Gerard and Katie own a large city-centre hairdressing business including the business premises which they bought as a personal asset some 20 years ago. The building has a penthouse apartment with its own separate entrance, rented out as residential accommodation. The basement, ground and first-floors are exclusively business premises. Gerard and Katie also own a large and prestigious property in a North Yorkshire market town. Whilst they and their business were doing well when they first consulted us, we saw a way to leave them significantly better off. They had a large mortgage on their home and were paying Income Tax on the rent which their company was paying them for their business premises, and more tax still on the rent being paid by the tenant of the penthouse flat. Ideally, they wanted to pay off their mortgage and be debt free. They also wanted to pay less tax. (Who doesn’t?!)
So, we came up with a plan. This involved separating the commercial element of the building from the residential element, creating a 250-year leasehold on the commercial part of the property capable of being sold separately while Gerard and Katie continued to own the freehold of the building. This was necessary because residential property, e.g., houses and flats, cannot be held as assets by a pension fund. Having mapped out the outline plan we then asked Gerard and Katie to take advice from their accountant as to their Capital Gains Tax position if they followed the plan we’d formulated. In due course their accountant worked out their liability and they decided they were happy with it. Having resolved the tax position to their satisfaction, next came the legals. Their solicitors created a leasehold on the commercial part of the building. That leasehold was then independently valued by an RICS qualified surveyor. The valuation was somewhat in excess of the value needed to pay off their own mortgage. Perfect!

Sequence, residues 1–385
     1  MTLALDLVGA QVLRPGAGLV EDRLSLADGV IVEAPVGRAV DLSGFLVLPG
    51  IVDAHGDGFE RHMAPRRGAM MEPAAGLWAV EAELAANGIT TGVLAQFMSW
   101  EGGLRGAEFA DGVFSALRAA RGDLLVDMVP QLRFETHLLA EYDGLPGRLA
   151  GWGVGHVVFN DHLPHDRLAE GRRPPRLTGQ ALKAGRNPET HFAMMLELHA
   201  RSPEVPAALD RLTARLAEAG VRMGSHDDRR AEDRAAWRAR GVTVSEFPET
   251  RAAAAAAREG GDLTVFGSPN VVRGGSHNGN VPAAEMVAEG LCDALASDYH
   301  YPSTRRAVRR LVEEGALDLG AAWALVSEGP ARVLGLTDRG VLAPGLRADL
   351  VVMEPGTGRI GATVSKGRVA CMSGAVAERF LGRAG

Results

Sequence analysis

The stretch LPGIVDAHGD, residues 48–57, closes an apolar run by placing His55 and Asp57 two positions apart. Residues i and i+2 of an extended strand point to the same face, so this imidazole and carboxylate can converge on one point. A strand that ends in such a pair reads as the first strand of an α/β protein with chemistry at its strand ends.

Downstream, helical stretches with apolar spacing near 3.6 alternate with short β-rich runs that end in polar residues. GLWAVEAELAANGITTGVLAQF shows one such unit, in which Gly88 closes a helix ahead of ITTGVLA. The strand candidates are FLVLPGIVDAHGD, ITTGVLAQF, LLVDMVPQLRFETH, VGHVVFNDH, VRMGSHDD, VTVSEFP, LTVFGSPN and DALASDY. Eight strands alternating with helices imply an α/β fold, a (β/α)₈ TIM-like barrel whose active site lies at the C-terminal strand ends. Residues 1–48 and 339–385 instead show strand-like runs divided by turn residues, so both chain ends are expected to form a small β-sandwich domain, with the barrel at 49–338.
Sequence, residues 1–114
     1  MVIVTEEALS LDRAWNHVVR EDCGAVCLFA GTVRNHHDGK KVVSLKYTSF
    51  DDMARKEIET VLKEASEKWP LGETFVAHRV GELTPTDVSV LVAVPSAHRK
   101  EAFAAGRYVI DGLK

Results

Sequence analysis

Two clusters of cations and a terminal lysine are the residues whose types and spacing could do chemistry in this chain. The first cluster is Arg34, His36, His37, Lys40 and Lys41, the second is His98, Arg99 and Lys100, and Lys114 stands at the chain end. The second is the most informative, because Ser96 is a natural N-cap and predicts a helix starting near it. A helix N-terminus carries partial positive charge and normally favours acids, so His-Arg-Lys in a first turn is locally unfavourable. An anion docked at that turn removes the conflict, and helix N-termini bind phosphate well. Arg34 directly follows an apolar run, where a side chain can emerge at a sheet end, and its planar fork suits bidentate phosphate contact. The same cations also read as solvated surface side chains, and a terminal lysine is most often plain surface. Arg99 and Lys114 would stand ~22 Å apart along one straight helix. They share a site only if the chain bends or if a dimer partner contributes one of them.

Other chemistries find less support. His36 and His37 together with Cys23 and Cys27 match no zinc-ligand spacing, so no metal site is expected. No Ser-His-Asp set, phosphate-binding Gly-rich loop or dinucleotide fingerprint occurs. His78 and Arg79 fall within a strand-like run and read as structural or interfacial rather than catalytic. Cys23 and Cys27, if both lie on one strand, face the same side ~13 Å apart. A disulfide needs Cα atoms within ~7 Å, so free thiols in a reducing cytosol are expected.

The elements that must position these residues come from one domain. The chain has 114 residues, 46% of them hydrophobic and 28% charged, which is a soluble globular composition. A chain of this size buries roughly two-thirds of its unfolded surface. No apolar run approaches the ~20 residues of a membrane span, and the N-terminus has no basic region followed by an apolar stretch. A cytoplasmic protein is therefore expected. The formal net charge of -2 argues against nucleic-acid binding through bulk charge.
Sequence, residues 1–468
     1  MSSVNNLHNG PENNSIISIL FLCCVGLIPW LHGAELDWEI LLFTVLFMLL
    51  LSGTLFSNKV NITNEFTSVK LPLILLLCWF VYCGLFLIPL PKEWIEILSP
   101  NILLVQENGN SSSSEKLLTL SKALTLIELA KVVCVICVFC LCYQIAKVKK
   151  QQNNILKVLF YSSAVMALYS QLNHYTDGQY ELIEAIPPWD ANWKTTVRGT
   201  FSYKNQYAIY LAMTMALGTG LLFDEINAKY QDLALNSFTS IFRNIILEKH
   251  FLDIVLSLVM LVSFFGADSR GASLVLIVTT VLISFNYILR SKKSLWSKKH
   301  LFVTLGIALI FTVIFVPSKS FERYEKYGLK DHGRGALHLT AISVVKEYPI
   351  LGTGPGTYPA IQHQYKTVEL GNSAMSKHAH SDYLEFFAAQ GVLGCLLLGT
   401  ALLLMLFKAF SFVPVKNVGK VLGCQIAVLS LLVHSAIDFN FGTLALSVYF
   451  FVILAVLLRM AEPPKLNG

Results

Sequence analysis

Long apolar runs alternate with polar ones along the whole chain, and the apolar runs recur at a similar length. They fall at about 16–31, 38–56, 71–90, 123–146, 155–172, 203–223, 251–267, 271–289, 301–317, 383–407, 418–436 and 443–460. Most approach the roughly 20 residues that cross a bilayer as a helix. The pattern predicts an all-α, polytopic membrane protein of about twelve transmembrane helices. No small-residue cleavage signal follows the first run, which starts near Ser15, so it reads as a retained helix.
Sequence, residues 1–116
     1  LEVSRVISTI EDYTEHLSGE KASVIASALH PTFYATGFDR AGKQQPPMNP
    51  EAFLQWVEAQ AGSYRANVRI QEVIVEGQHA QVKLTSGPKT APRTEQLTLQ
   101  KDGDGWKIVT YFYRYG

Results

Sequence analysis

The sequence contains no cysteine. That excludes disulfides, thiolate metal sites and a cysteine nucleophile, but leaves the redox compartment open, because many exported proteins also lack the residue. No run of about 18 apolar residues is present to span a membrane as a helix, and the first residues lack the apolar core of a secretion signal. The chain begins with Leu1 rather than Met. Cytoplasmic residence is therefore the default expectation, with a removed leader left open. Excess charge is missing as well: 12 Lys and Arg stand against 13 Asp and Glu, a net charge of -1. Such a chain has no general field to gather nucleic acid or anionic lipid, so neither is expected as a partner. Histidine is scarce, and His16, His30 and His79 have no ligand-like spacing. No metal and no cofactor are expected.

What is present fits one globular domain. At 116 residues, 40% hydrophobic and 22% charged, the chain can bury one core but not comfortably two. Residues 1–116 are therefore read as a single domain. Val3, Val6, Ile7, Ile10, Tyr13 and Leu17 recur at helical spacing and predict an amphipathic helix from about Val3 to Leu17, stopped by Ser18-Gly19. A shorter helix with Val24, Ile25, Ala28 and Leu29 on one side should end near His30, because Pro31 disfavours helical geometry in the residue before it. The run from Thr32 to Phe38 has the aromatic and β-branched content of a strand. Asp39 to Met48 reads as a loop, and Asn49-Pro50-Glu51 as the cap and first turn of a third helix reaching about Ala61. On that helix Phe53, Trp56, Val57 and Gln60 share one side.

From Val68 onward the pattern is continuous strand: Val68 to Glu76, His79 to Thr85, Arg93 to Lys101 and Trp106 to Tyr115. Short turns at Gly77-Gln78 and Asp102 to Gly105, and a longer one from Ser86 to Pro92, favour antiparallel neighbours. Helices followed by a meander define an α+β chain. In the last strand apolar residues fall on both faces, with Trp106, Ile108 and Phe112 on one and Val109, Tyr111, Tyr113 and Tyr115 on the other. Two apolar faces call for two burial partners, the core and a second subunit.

Next, we transferred their pension funds into a Small Self-Administered Scheme (SSAS) and generated enough cash to enable their joint pension fund to buy the leasehold from them. That legitimately released more than sufficient cash from their pension fund for them to pay off their mortgage. Gerard and Katie are now debt free and their business pays rent to their pension fund. The rent paid qualifies as a legitimate business expense and so reduces their annual Corporation Tax bill. The tenant of the penthouse flat meanwhile still pays his rent direct to Gerard and Katie providing some useful additional income. When they retire their pension fund will still own the building and can either sell it for a lump sum or rent it out so that their SSAS fund earns an income which can be paid out to them as their pensions along with the income they earn from their flat and from the other investments in the pension fund we manage for them. In the very long-term, ultimately, they can pass the freehold of the property via their Wills to their children who in their turn can continue benefiting from the flat’s rental income.